Photo and documentary exhibition to mark the 25th Anniversary of the Constitution

Press release, 25 October 2017

Photos of the Office of the Seimas (author Džoja Gunda Barysaitė)

 

On 25 October 2017, a photo and documentary exhibition entitled Towards the Constitution of the Republic of Lithuania: the 25th Anniversary of the Constitution of the Republic of Lithuania, arranged by the Office of the Seimas, was opened in the Stained Glass Gallery of the Seimas.

 

The exhibition was opened by Irena Šiaulienė, Deputy Speaker of the Seimas, and Petras Giniotas, Signatory to the Act of Independence of Lithuania.

 

The 25th anniversary of the Constitution is one of the most significant Lithuanian anniversaries of the modern era. A short twenty-five-year period in a historical perspective is phenomenal from the point of view of Lithuanian constitutional law. It symbolises the basic law of the State that was longest effective compared to all ever existing Constitutions in Lithuania. It also serves as the basis for the tradition of Lithuanian statehood and the continuity of constitutionality, which was embedded in the Act on the Restoration of an Independent State of Lithuania proclaimed by the democratically elected Supreme Council–Re-constituent Seimas on 11 March 1990, after fifty years of occupation. The Act was legally based on the documents of the period between 1918 and 1940 – the Act of Independence of Lithuania of 16 February 1918 and the Declaration of the Constituent Seimas of 15 May 1920. On the same day when Lithuania restored its independence, the validity of the Constitution of 1938 was restored and subsequently suspended, thus confirming the continuity of the Lithuanian statehood.

 

 

The basic law of the State of 1992 is the Constitution that was longest in effect in Lithuania. Prof. Mykolas Romeris, a distinguished Lithuanian lawyer, noted in 1922 when discussing the draft Constitution of the Lithuanian State: “The Constitution is drafted not for one hour, maybe not even for one generation of citizens”. In spite of this optimistic vision, Constitutions were changed too frequently in the pre-war Lithuania. In the period of twenty-two years of existence of the Lithuanian State covering the period of 1918–1940, there were three provisional and one permanent Constitution. The first permanent and democratic Constitution of the Lithuanian State, which was in effect for a period of six years, was adopted in 1922. Regrettably, it was revised after the coup d’état of 17 December 1926 and the dissolution of the Seimas on 12 April 1927, which had a direct influence on further development of the Republic of Lithuania. Consequently, a new Constitution of the Lithuanian State was promulgated by the President of the Republic of Lithuania in 1928, which symbolised a significant diversion from a parliamentary republic. With a view to increasing the authority of the President of the Republic, ten years later the Constitution was amended. Thus 1938 saw the adoption of a new Constitution that definitively established the elements of the authoritarian governance. This Constitution was to remain in force for two years only, until the occupation of Lithuania in 1940.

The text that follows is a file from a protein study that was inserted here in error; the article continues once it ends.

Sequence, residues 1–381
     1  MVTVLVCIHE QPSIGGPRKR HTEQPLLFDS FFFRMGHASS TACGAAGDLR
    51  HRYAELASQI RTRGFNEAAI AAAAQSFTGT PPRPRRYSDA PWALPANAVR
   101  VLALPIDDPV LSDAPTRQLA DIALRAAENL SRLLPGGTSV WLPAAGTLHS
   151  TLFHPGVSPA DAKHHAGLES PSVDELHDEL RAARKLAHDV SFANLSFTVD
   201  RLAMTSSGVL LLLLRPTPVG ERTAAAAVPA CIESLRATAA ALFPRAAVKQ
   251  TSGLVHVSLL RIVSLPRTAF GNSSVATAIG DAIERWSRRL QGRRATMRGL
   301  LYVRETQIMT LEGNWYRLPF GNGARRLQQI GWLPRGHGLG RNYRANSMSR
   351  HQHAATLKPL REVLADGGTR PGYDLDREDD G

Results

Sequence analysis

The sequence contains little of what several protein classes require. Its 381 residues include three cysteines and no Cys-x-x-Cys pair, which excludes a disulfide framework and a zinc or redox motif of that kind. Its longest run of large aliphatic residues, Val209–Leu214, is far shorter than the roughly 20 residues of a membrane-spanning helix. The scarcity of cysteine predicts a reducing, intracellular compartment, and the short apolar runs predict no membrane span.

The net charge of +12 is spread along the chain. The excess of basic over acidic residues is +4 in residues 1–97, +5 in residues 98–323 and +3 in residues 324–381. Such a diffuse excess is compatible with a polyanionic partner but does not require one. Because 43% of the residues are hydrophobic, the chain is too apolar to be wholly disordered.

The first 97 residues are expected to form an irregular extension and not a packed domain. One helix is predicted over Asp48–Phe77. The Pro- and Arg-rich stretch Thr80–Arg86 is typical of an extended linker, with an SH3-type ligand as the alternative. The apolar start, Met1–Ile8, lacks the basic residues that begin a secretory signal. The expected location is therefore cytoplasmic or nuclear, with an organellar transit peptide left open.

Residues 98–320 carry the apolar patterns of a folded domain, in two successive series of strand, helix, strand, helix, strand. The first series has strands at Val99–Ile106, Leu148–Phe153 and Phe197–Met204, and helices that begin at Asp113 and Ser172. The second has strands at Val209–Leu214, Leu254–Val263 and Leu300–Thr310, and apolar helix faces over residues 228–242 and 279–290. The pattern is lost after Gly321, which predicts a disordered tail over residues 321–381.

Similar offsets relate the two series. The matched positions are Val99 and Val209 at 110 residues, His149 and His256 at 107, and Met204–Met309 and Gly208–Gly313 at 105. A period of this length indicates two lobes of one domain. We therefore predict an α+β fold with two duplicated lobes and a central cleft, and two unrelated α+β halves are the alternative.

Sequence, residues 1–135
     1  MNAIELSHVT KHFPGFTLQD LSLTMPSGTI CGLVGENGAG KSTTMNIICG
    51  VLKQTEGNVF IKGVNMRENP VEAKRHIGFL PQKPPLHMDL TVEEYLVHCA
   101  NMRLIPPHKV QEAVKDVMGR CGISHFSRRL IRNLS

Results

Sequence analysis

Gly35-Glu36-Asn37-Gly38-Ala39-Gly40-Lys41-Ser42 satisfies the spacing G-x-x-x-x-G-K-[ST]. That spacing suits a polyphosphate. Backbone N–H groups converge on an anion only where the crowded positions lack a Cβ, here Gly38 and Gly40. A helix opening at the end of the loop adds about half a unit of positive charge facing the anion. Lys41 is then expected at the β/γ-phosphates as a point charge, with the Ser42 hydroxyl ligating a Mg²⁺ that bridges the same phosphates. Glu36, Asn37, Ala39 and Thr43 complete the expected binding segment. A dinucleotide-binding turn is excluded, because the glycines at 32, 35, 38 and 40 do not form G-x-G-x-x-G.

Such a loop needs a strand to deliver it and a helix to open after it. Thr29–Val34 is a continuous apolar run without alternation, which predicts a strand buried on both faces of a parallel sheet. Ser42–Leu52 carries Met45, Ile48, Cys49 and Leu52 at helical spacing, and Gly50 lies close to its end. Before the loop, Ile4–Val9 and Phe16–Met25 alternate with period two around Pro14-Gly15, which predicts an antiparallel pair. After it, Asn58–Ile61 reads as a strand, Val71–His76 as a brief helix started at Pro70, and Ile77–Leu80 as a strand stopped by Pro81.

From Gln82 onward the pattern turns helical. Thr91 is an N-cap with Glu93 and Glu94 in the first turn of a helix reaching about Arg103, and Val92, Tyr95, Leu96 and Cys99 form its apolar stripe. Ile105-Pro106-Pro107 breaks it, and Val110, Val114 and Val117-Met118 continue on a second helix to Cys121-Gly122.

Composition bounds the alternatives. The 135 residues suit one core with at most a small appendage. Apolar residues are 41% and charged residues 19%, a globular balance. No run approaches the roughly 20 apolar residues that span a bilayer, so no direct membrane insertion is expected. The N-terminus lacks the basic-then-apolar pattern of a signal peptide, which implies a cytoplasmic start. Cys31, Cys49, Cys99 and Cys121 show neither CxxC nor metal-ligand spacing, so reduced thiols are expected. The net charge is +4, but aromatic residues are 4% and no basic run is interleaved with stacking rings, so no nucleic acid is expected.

Another distinctive feature of the 1992 Constitution is the way in which it was adopted, i.e. by  referendum. In 1922, the Constitution of the Lithuanian State was adopted by debating it and voting at the Constituent Seimas. The 1928 Constitution of the Lithuanian State was promulgated by the President of the Republic of Lithuania and approved by the Cabinet of Ministers, whereas in 1938 the Constitution of the Republic of Lithuania, was approved by the Fourth Seimas that performed an advisory role for the President of the Republic and whose members did not have any opportunity to influence the substance of legislation being adopted.

 

The current Constitution was adopted by referendum by citizens of the Republic of Lithuania on 25 October 1992. The draft Constitution was antecedently approved by the Supreme Council–Re-constituent Seimas. This is the only Lithuanian Constitution adopted by referendum. Almost 81 per cent of Lithuanian citizens who participated in the referendum, voted in favour of the Constitution. A total of almost 1.5 million voters said ‘yes’. By voting in favour of the Constitution, citizens of Lithuania became its symbolic drafters.

 

 

Žydrūnas Mačiukas, Chief Specialist, Unit for Historical Memory of Parliamentarianism, Information and Communication Department, tel. +370 5 239 6318, e-mail: zydrunas.maciukas@lrs.lt

 

Nerijus Vėta, Chief Specialist, Public Relations Division, Information and Communication Department, tel. +370 5 239 6208, e-mail: nerijus.veta@lrs.lt

   Last updated on 10/26/2017
   Jolanta Anskaitienė